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Tipsheet

9 Times the Biden Admin Said Afghanistan Wouldn't Fall to the Taliban

AP Photo/Rahmat Gul

Monday marks one year since the Taliban seized control of Kabul, Afghanistan, an event that escalated the chaos of President Biden's withdrawal from the country that went from "everything's fine" to complete, deadly catastrophe in a matter of days. 

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Despite repeated assertions and reiterations from President Biden, the White House, the Pentagon, and the State Department that Afghanistan would not quickly fall to the Taliban — assurances that defied reality as Taliban fighters toppled city after city across the country — that's exactly what happened. 

So, one year since Biden — who repeatedly pledged that "the buck" stops with him but has yet to take any responsibility for his disastrous withdrawal from Afghanistan — and his administration were proven catastrophically wrong, here are nine times they misled Americans and the world.

July 2, 2021 — Remarks on the June Jobs Report

When asked in early July about the ability of Afghanistan's government to remain in power after the U.S. withdrawal, Biden explained there was nothing to worry about. "I met with the Afghan government here in the White House, in the Oval. I think they have the capacity to be able to sustain the government," Biden said before rebuffing questions on the topic. "I want to talk about happy things, man."

In the same briefing, Biden was asked about intelligence reports that Kabul could be threatened by the Taliban within six months and what the United States could do "to keep the capital safe." Biden's response? "I’m not going to answer any more quick question[s] on Afghanistan."

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July 8, 2021 — President Biden on the Drawdown of U.S. Forces in Afghanistan

When asked whether a Taliban takeover of Afghanistan had become inevitable, Biden flatly answered "no, it is not." The president explained "the Afghan troops have 300,000 well-equipped — as well-equipped as any army in the world — and an air force against something like 75,000 Taliban" as his proof that the country's fall to Taliban forces "is not inevitable."

Biden tripled down, saying "I trust the capacity of the Afghan military, who is better trained, better equipped, and more re- — more competent in terms of conducting war" and insisted the Afghan government "clearly have the capacity to sustain the government in place."

When asked whether Biden saw any parallels between his withdrawal from Afghanistan and what happened in Vietnam, the president said "none whatsoever — zero" before stating "there’s going to be no circumstance where you see people being lifted off the roof of a embassy in the — of the United States from Afghanistan. It is not at all comparable," Biden insisted. "The likelihood there’s going to be the Taliban overrunning everything and owning the whole country is highly unlikely," the president maintained. 

July 9, 2021 — Press Briefing by Press Secretary Jen Psaki

When asked whether the White House was planning for a Taliban takeover of Afghanistan, Psaki reiterated that "the President does not believe that it is inevitable."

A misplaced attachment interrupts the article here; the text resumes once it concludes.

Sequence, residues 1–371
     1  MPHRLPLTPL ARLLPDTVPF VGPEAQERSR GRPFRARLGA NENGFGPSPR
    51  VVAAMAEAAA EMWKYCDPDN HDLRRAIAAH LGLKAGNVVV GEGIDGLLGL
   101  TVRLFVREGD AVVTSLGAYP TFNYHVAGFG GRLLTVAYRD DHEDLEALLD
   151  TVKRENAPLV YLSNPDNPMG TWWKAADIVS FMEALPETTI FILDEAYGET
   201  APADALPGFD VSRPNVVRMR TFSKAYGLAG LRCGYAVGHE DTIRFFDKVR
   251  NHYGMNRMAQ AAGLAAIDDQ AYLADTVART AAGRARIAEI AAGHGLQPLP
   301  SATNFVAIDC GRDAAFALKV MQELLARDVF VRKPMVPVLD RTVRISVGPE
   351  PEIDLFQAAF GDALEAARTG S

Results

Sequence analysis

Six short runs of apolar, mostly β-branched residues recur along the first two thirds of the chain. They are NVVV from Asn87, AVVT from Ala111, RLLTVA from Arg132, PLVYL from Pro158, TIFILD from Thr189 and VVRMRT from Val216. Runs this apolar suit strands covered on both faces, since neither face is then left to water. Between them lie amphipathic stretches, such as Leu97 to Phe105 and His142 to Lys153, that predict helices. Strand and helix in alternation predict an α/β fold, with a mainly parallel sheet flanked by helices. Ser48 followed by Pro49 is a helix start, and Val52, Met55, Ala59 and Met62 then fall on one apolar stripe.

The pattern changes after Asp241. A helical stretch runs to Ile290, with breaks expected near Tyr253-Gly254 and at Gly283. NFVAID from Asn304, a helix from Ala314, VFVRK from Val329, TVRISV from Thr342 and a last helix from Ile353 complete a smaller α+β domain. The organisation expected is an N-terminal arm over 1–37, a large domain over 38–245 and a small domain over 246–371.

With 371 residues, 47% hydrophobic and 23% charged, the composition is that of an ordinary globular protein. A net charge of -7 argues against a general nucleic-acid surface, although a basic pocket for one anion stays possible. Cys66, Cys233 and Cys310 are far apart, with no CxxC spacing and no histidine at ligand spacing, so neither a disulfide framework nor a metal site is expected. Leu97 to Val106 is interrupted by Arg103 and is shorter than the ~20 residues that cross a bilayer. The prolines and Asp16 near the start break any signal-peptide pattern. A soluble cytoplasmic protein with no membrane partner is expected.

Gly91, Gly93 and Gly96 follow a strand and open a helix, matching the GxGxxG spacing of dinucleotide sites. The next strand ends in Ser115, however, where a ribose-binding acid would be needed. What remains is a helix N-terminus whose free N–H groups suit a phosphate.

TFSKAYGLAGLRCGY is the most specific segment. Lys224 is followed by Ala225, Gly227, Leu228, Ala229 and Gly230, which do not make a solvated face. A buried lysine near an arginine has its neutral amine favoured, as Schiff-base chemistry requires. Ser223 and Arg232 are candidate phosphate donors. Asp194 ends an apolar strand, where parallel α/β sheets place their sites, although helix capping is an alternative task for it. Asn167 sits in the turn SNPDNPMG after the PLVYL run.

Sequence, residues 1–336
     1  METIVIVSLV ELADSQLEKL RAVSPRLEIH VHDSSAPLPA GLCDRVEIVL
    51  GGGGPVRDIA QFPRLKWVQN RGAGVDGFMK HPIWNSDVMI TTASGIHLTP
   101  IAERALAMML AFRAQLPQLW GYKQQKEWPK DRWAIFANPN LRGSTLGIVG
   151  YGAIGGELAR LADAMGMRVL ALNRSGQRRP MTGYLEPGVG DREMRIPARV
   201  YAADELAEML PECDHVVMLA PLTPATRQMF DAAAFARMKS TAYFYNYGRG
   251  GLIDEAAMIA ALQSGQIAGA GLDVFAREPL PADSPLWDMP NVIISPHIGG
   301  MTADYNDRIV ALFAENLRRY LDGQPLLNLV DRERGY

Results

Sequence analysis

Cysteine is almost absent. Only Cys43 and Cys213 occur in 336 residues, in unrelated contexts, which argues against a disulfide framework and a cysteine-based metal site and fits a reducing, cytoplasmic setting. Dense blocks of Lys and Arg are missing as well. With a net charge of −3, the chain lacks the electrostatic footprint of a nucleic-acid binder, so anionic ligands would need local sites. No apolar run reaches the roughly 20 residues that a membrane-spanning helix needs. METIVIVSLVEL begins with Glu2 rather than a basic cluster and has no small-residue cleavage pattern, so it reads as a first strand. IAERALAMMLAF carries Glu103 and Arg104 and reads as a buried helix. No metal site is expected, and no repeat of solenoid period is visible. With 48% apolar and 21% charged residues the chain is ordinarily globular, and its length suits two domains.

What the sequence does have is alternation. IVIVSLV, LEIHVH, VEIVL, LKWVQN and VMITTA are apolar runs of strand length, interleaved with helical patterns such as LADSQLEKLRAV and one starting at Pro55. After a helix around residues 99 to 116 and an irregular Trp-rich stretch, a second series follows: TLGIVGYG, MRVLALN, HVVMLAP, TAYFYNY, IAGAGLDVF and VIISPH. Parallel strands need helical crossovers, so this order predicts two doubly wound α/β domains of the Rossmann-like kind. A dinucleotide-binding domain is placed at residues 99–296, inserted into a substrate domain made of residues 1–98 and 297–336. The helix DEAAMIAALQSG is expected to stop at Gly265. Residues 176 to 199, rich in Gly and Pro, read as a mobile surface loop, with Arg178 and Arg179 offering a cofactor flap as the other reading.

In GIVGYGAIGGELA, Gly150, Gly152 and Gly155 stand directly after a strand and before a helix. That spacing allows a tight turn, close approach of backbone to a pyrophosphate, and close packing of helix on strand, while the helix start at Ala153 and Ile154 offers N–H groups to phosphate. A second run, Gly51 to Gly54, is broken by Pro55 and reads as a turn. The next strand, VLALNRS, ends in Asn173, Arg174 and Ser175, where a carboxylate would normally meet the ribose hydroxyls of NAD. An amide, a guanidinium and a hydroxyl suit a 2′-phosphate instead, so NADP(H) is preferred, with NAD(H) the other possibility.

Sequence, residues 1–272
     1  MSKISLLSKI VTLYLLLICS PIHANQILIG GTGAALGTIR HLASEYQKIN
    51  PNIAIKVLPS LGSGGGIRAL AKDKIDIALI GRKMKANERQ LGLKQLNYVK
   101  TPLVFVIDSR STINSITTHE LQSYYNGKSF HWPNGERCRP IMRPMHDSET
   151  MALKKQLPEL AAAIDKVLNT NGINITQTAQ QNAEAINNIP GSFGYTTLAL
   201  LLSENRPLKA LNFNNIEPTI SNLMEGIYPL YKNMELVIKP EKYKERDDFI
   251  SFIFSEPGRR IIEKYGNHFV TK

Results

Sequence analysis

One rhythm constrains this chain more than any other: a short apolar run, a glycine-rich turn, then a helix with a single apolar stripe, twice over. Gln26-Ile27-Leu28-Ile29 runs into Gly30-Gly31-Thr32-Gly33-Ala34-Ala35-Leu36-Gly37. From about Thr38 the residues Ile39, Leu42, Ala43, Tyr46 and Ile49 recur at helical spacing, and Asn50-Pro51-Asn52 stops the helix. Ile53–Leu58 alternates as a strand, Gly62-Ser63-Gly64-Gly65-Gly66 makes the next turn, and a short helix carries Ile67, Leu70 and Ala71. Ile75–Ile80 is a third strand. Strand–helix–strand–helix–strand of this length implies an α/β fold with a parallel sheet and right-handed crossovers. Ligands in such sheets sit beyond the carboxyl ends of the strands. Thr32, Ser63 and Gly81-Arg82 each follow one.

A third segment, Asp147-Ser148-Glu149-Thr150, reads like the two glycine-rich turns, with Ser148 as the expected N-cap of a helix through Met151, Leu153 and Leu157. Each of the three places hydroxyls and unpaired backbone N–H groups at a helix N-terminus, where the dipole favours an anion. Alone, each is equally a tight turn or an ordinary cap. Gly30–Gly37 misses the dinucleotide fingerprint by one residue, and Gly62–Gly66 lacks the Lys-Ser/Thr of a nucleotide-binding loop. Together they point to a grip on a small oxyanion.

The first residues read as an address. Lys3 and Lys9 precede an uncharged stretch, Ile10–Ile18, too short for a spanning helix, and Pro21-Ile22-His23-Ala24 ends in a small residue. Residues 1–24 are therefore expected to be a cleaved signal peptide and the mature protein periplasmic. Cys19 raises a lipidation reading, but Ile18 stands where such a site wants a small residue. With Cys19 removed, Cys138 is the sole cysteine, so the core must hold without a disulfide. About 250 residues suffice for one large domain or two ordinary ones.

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July 16, 2021 — Press Briefing by Press Secretary Jen Psaki

As the Taliban toppled a growing number of provinces, Psaki again tried to clarify that the President was "conveying" that the fall of Afghanistan to the Taliban "it is not inevitable." Trying to point out America's support, Psaki reminded reporters that the U.S. "provided a range of — a great deal of support, supplies, training."

August 6, 2021 — Press Briefing by Press Secretary Jen Psaki

Again, Psaki explained that President Biden "feels and has stated that the Afghan government and the Afghan National Defense Forces have the training, equipment, and numbers to prevail" in its fight against the Taliban." 

August 10, 2021 — White House with Jen Psaki

"The President continues to believe that it is not inevitable that the Taliban takes over Kabul or the country and that they need to show political will at this point to push back," Psaki again claimed less than one week before Kabul was seized by Taliban forces.

August 11, 2021 —Pentagon Press Briefing with John Kirby

no potential outcome has to be inevitable, including the fall of Kabul

August 13, 2021 — Pentagon Press Briefing with John Kirby

Just two days before Afghanistan's capital fell to the Taliban, Pentagon Press Secretary John Kirby again insisted that "Kabul is not—right now—in an imminent threat environment."

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Some 48 hours later, Kabul had fallen to the Taliban, completing the terrorists' takeover of Afghanistan that the White House, Pentagon, and State Department had said was anything but "inevitable." And despite Biden's flat denial that there were any parallels between his withdrawal and what happened in Vietnam, U.S. diplomats were ferried off the embassy roof by helicopter — exactly the scene he said wouldn't happen. 

The failure to understand the Taliban threat kicked off round the clock chaos that saw Americans left behind, Afghan citizens who helped the U.S. over our 20-year presence beaten at Taliban checkpoints, chaos on the airfield at Hamid Karzai International Airport, and an ISIS-K suicide bombing that claimed the lives of 13 U.S. service members and scores of Afghans trying to flee the "businesslike" Taliban, as the Biden administration described them. 

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